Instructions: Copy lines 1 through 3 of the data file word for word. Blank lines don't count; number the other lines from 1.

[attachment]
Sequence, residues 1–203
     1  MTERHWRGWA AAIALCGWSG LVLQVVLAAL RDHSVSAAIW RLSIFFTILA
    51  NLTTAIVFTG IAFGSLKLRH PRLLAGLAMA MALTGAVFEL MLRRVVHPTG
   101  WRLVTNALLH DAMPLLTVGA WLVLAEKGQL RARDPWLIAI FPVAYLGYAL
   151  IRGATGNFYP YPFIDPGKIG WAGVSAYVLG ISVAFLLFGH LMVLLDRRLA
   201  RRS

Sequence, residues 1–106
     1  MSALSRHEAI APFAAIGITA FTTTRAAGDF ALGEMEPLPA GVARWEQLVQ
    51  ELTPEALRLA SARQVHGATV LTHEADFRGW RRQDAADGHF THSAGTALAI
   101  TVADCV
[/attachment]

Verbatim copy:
Sequence, residues 1–203
     1  MTERHWRGWA AAIALCGWSG LVLQVVLAAL RDHSVSAAIW RLSIFFTILA
    51  NLTTAIVFTG IAFGSLKLRH PRLLAGLAMA MALTGAVFEL MLRRVVHPTG